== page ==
Hertz finally lost its confidence into Accenture ~5 months after the initial planned go-live date, seemingly after at least a full year into kicking off the project partnership with them.
If it took Hertz around 1½ years to realise that Accenture can’t deliver, It’s safe to say that Hertz & Accenture have been both working in their own silos with minimal transparency into each other’s work, and critical information was not moving between the organisations. My best guess is that Hertz & Accenture met only once in a while to assess the status of the project and share. But a software project like this should be an ongoing collaborative process, with constant daily discussion between the parties. In a well functioning organisation, the client and vendor are one united team pushing the product out together.
The lack of communication infrastructure is a common problem in large scale software projects between a company and its vendor. It’s hard to say on whose responsibility it should be to organise the required tools, processes, meetings and environments to make sure that the necessary discussions are being had and that knowledge is shared. But often the consulting company is the one with a more modern take on communication, and they can provide the framework and tools for it much easier.
We get a deeper glimpse into the lack of transparency, especially regarding the technical side, when we go through points 36. — 42. of the legal complaint, e.g. number 40.:
40. Accenture’s Java code did not follow the Java standard, displayed poor logic, and was poorly written and difficult to maintain.
Right. Accenture’s code quality and technical competence was not on a satisfying level, and that is on Accenture, as they have been hired to be the technical experts in the project. But if Hertz would’ve had even one technical person working on the project, and they would have had visibility into the codebase, they could’ve caught this problem right from the first commit, instead of noticing it after over a year of Accenture delivering bad quality code. If you are buying software for tens of millions, you must have an in-house technical expert as part of the software development process, even if only as a spectator.
The lack of transparency and technical expertise combined with the lack of ownership/responsibility was ultimately the reason why Hertz managed to blow tens of millions USD, instead of just a couple. If Hertz would have had the technical know-how and had been more deeply involved in the work, they could’ve early on assessed that the way Accenture is doing things is flawed. Perhaps some people in Hertz saw that the situation was bad early on, but since the ownership of the product was on Accenture’s side, it must have been hard for those people to speak up as they saw the issues. This resulted in Accenture being allowed to do unsuitable work for over a year, until the initial ‘go-live’ date was way past and it was already too late.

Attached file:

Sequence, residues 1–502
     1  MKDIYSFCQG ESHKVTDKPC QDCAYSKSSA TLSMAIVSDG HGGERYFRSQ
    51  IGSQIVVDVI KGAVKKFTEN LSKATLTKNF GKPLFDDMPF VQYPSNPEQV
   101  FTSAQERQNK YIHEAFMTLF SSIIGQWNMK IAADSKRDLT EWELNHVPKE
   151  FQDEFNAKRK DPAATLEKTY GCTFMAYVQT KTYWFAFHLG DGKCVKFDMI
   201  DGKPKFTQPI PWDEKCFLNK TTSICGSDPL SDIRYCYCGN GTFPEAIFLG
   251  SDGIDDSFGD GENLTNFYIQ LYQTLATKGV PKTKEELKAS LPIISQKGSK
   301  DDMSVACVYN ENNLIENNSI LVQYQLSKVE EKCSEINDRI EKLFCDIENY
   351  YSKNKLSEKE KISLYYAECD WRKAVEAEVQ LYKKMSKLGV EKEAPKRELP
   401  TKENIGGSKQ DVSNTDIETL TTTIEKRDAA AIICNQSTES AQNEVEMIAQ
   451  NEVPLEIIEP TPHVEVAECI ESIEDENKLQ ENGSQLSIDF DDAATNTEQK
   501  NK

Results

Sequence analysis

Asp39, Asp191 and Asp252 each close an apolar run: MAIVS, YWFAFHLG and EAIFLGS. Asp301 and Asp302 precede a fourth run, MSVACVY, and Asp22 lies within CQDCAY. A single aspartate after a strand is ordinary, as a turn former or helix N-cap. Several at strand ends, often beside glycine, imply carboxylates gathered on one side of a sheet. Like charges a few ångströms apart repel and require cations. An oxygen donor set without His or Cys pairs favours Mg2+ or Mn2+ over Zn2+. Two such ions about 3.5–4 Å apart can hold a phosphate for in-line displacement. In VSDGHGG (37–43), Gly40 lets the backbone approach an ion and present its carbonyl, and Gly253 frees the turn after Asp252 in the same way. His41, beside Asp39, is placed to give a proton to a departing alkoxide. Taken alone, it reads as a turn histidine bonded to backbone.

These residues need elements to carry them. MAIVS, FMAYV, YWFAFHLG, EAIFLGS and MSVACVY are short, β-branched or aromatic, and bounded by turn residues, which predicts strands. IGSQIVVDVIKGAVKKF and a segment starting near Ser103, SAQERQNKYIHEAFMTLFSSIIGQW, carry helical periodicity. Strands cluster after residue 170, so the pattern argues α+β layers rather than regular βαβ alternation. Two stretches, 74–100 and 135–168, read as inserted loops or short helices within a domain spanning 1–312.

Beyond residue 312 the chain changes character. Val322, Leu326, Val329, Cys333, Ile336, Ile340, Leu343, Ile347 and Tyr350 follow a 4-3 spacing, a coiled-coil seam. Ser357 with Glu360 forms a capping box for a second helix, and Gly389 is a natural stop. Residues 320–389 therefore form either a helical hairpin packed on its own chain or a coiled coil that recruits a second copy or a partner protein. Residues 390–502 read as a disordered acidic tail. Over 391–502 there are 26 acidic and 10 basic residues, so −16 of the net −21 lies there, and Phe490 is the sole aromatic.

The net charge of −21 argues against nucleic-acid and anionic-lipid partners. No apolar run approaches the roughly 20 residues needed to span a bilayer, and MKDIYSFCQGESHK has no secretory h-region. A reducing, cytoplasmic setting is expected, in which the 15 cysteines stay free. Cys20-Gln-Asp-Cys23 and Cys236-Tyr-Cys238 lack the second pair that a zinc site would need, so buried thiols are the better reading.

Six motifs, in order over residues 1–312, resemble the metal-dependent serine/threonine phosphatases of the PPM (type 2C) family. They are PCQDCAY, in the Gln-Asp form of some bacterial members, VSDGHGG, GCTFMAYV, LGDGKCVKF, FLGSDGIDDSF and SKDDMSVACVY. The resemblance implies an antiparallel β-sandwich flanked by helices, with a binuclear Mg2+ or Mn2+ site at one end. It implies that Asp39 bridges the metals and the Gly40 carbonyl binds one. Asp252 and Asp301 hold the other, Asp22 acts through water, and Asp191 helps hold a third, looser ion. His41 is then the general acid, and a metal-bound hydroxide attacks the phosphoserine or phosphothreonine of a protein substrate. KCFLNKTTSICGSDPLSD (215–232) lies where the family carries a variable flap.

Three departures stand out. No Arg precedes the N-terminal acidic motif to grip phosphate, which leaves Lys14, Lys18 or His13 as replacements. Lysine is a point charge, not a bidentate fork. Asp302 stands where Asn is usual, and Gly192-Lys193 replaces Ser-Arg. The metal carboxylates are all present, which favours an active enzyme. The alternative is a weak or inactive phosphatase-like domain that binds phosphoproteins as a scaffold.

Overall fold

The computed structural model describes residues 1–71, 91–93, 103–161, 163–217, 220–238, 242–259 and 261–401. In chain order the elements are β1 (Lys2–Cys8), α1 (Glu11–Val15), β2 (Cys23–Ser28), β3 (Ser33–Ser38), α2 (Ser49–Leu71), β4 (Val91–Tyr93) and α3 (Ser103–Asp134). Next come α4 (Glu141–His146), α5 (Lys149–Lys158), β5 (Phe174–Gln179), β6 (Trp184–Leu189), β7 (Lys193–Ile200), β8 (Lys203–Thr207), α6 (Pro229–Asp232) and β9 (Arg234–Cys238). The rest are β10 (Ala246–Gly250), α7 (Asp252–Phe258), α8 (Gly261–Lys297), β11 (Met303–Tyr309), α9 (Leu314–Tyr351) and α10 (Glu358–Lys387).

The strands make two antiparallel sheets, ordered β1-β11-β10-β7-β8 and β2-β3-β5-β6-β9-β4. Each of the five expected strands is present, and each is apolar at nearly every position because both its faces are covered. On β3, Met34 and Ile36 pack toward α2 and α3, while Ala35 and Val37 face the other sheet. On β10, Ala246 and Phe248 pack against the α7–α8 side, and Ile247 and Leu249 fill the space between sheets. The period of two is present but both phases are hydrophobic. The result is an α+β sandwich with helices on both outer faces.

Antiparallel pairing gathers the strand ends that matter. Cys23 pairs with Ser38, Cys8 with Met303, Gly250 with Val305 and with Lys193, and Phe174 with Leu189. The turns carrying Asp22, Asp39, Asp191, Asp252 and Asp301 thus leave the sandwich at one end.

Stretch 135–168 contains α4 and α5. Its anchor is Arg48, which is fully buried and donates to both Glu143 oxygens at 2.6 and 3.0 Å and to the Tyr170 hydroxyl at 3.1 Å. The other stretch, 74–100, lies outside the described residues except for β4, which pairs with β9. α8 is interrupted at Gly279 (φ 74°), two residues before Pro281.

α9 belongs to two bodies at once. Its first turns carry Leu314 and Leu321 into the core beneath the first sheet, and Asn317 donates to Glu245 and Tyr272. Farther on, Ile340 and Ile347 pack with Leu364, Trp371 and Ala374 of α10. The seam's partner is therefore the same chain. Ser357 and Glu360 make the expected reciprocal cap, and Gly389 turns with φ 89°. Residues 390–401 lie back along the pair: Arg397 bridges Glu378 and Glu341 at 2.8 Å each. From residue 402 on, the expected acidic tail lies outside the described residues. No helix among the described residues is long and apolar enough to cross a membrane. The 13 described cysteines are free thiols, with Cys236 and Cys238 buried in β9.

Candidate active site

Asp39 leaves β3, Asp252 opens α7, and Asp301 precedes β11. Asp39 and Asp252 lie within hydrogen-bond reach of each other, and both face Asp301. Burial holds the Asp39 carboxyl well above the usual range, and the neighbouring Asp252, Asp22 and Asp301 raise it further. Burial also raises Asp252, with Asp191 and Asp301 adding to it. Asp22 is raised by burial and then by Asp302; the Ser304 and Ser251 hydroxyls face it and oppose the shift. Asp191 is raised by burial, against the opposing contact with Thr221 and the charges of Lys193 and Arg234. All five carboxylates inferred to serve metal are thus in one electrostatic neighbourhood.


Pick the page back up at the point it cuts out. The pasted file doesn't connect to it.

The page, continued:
There have been rumours of Hertz leadership firing the entire well-performing in-house software development talent, replacing it with off-shore workforce from IBM and making crony ‘golf course’ deals with Accenture in 2016. And the Hertz CIO securing a $7 million bonus for the short-term ‘savings’ made by those changes. I’d recommend taking these Hacker News comments with a grain of salt, but I wouldn’t be at all surprised if the allegations were more or less true.
These kinds of crony contracts are huge problem in the enterprise software industry in general, and the news we see about them are only the tip of the iceberg. But that is a subject for a whole other blog post.
It’s important to keep in mind that the lawsuit text doesn’t really tell us the whole truth: a lot of things must have happened during those years that we will never know off. However, it’s quite clear that some common mistakes that happen in consulting projects constantly happened here too, and that the ball was dropped by both parties involved.
It’s going to be interesting to see how the lawsuit plays out, as it will work as a real-life example to both consulting companies and their clients on what could happen when their expensive software projects go south.
For a company which is considering buying software, the most important learnings to take out of this mess are:
Also, one thing to note is that many companies who have had bad experiences with large enterprise consultancies have turned to the smaller, truly agile software consultancies instead of the giants like Accenture. Smaller companies are better at taking responsibility for their work, and they have the required motivation to actually deliver quality, as they appreciate the chance to tackle a large project. For a small company the impact of delivering a project well and keeping the client happy is much more important than it is for an already well established giant.
Hopefully by learning from history and the mistakes of others, we can avoid going through the hell that the people at Hertz had to!